On Dec, 28, 2013, Notre Dame dispatched Rutgers, 29-16, in the Pinstripe Bowl on an unseasonably warm afternoon in Yankee Stadium. Later that night, as word was leaking out that Brian VanGorder (yes, Montgomery’s father) was Kelly’s choice to replace departed Irish defensive coordinator Bob Diaco, Michigan was crushed by Kansas State, 31-14, at the Buffalo Wild Wings Bowl at Tempe, Ariz.
The Irish ended the night in the historical first place spot.
Fast forward to Sept. 24, 2016. With Notre Dame’s 38-35 home loss to Duke and Michigan’s 28-16 triumph over Penn State, the Wolverines surged back into the lead in all-time winning percentage. The next day VanGorder was fired.
VanGorder’s numbers as a play caller over 30 games were as follows: 53 percent of those games Notre Dame held its opponents under their end-of-the-season average for points. And 43.3 percent of the time, the Irish held their opponents under their end-of-the-season average for total yards.
A total of 26.7 percent of ND’s opponents in the VanGorder Era ranked among the top 43 nationally in total offense.
Elko, in an admittedly smaller sample size, held opposing defenses under their averages 76.9 percent of the time for both points and yardage — and with 38.5 percent of his opposing offenses ranked among the top 43.
Elko’s percentage for yardage is the best among the seven men who have called defensive plays (for more than a single game) since 2005 (Rick Minter, Corwin Brown, Jon Tenuta, Bob Diaco, VanGorder, interim Mike Elston and Elko).
His percentage for points allowed is second only to Diaco’s 82.4.
The worst numbers across the board, though, weren’t VanGorder’s. They were Tenuta’s. In 2009, the same year head coach Charlie Weis exceeded his opponents defensive averages in 11 of 12 games in points and every single game in yardage, Tenuta’s defense negated all that.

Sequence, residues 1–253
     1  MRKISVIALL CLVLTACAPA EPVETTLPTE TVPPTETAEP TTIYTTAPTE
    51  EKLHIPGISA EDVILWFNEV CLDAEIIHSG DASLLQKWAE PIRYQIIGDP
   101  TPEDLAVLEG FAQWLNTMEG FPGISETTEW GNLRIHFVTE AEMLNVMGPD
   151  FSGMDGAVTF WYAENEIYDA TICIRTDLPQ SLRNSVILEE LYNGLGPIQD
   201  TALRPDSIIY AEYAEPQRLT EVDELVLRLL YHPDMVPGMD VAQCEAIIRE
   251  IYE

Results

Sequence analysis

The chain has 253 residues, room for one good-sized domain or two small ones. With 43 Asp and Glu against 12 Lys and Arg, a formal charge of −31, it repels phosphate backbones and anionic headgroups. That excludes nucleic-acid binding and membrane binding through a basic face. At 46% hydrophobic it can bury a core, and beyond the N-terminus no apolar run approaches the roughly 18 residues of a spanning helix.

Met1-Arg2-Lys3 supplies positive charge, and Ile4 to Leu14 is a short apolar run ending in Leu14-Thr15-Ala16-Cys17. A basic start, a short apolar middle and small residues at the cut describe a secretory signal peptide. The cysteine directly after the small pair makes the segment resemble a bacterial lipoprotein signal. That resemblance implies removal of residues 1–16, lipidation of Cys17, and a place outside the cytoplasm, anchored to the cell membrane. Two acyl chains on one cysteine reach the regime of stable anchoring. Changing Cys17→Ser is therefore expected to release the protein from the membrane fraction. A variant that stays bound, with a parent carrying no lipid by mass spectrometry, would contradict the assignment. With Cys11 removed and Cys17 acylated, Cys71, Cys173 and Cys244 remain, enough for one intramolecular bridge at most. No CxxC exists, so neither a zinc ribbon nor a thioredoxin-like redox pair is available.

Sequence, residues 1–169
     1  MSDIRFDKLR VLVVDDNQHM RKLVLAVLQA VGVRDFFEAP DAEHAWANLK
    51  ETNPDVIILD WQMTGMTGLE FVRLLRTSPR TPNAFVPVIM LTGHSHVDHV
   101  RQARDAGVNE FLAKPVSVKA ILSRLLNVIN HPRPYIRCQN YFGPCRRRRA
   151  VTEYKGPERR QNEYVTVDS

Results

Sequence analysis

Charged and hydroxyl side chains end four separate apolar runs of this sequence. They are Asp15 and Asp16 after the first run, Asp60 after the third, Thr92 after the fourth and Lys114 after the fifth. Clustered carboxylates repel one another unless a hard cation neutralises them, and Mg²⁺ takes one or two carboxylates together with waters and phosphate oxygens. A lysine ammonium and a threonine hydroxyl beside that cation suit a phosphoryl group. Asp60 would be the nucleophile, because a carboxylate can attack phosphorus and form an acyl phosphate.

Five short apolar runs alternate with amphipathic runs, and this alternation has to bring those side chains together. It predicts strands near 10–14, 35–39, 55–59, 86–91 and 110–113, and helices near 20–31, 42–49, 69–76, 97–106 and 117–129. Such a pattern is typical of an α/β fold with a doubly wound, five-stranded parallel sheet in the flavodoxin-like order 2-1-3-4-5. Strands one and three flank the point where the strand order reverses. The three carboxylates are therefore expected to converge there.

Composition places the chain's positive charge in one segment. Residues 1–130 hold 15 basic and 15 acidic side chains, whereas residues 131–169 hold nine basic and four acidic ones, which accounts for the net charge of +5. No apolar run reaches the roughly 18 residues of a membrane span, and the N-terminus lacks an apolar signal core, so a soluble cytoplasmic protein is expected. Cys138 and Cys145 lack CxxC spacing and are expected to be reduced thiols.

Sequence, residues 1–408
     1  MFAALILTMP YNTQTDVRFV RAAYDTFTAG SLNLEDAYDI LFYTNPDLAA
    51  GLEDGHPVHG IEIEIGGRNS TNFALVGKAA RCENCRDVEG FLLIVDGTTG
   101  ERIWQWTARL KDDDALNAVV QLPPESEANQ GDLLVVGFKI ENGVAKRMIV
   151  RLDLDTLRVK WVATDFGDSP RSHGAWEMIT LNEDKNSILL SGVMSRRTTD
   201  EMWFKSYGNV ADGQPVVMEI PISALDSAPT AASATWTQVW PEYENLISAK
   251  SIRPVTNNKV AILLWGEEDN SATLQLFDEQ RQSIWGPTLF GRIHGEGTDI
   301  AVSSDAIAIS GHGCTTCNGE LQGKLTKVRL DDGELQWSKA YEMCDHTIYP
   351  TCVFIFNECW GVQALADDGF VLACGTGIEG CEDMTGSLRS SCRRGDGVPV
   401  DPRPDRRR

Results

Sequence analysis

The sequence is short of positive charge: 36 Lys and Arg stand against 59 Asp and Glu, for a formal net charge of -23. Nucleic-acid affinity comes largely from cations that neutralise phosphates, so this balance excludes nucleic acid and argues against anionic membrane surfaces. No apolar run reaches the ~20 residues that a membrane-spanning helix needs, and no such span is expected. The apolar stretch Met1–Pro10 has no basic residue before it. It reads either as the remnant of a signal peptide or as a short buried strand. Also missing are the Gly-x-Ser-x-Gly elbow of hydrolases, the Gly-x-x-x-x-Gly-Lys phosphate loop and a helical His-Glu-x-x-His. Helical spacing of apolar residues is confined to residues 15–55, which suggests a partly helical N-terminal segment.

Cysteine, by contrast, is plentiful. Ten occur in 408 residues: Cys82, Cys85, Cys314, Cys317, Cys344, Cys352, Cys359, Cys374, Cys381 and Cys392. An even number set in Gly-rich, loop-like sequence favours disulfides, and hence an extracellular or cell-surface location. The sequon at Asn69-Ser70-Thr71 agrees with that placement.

His defenses held opposing offenses under their averages 41.7 percent of the time on points, 33.3 percent on yardage and facing only 25 percent of the top 43 offenses — the lowest figure among the seven defensive play-callers.
Weis was fired at season’s end.
Incidentally. Wake Forest, without Elko but running a similar scheme, nosedived from 23rd to 76th in scoring defense, 40th to 112th in total defense.
Theoretically, Elko’s numbers at ND will climb next season — because the safety play figures to be better, because the pass rush should be more relentless, because cornerback Julian Love should be playing at an All-America level, because of more depth at most positions and more nuanced understanding of how to be really good on defense throughout.
The one head start Elko already has on 2018 is the attitude. Kelly noticed it, not just in that pivotal, 56-second stretch Monday, but throughout the game.
“We fought for every inch,” Kelly said. “Quite frankly, it became a game of inches down there, where we were able to hold them to the field goals. And that was the difference in the game.
“It's a mentality that we've developed within our football program. It's a mentality that we lacked, quite frankly, last year that we didn't fight for every inch. And playing the kind of schedule we did this year with 11 bowl teams, you have to fight for everything.
“I think our kids developed that toughness and that mindset, and today it was absolutely necessary against LSU.”